Filed under Europe, History
Justice for Missing and Murdered Indigenous Women and Girls! End the Violence!
Women’s memorial events are being held on Valentine’s Day in cities across the country to demand justice for Indigenous women and girls who have been murdered or have gone missing, and to get the government to take measures to end the violence. The marches began in 1992 in Vancouver’s Downtown Eastside to demand that action be taken following the murder of a Coast Salish woman whose death was met with indifference from the authorities and the media.
Today, people from all walks of life are demanding justice for murdered and missing Indigenous women and girls and opposing all forms of violence against women. Violence against women has been on the rise since the beginning of the pandemic, as the isolation imposed on everyone renders them all the more vulnerable.
The persistence of Indigenous women and peoples in asserting their right to be is an inspiration to all, especially their insistence on defining what it is they need and not permitting others to define what is acceptable. Continue reading
On February 13, 1960 (exactly 61 years ago today), the French conducted their first nuclear test at Reggane in south west Algeria. The first underground test, on May 1, 1962, code-named Beryl, resulted in radioactive vapour escaping through fissure in a rock. Its ill-effects are still felt by the people of Algeria. France has refused to apologize and has also not released archival material about this test as well as others clearly reflecting ill-intent | Mohamed Boukreta Continue reading
Filed under Africa, History
Irish republican volunteer Frank Stagg died on hunger strike for rights as a political prisoner in an isolated British jail on the Isle of Wight, 12 February 1976, 45 years ago this week. The story of that sacrifice, by Jonathan O’Meara.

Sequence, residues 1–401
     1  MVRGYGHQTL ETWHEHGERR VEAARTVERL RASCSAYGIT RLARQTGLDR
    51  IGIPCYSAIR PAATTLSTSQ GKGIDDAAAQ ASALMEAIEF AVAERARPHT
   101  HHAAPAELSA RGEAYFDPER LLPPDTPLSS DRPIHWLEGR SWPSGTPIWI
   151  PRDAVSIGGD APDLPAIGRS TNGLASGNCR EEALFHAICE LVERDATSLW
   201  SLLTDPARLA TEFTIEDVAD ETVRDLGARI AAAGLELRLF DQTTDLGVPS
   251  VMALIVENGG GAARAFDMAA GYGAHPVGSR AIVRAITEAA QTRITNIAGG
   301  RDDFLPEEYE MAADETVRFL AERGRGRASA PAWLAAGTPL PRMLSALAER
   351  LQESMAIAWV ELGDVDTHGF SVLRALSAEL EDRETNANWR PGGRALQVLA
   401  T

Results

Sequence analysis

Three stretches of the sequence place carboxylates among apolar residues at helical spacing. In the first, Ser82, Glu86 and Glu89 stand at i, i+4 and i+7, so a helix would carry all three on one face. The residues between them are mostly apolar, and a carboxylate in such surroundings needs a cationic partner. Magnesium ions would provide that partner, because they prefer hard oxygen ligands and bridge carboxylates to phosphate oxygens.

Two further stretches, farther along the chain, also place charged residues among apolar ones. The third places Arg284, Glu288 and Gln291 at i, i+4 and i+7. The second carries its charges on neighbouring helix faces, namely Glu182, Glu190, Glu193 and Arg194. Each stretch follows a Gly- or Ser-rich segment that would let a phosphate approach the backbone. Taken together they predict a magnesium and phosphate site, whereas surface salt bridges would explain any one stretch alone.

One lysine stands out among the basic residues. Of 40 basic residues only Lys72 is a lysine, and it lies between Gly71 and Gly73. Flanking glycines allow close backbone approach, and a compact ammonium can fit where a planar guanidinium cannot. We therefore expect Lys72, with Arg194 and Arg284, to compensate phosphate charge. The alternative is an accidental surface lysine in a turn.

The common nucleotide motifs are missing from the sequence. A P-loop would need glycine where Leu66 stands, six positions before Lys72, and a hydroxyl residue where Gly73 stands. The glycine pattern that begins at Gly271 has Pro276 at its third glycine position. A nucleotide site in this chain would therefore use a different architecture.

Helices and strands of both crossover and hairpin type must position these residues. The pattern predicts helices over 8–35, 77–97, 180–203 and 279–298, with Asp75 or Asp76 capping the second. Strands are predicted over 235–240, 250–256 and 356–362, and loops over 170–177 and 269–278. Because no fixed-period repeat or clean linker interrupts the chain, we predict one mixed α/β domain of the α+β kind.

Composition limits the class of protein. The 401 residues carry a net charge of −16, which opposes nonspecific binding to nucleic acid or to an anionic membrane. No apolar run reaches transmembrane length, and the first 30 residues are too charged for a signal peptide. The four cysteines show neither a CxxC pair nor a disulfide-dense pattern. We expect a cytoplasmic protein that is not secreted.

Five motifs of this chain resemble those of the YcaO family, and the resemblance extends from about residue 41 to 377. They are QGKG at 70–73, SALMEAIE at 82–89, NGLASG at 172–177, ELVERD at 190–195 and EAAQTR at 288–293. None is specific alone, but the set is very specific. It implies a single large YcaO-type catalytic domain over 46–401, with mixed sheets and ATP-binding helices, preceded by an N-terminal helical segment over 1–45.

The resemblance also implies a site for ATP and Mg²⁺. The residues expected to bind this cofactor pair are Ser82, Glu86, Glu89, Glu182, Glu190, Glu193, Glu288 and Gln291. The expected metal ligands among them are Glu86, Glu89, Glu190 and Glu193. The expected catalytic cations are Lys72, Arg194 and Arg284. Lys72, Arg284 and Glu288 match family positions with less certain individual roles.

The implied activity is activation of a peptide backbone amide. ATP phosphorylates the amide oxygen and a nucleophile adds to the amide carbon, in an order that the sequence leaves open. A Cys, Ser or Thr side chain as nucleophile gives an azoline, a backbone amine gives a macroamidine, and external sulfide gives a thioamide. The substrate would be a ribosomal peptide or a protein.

In almost every decade of the last century, Irish republican prisoners held in jails in Ireland and England have been forced to embark on hunger strike as a last resort in support of their demands for political status. The second of the 12 republicans to die on hunger strike during the latest phase of struggle was Volunteer Frank Stagg. Continue reading
Filed under Europe, History
Against the Return of Duvalierism
Sunday, February 7
Rally — 12:30-2:00 pm
Corner of St-Michel and Legendre Sts.
Webinar — 8:30-9:30 pm
Organized by: Solidarité Québec-Haïti
On February 7, Solidarité Québec-Haïti is holding two actions in Montreal to mark the departure of Jovenel Moïse as Haiti’s president, to echo the actions of resistance and demonstrations on the same day throughout Haiti.
First, a rally with Rara Indigène will take place from 12:30-2:00 pm at the corner of St-Michel and Legendre streets. Rara is Haitian festival music that accompanies street processions. Joumou soup (traditional soup made from beef, squash and other vegetables) and hot chocolate will be served. Participants must respect physical distancing measures and wear a mask.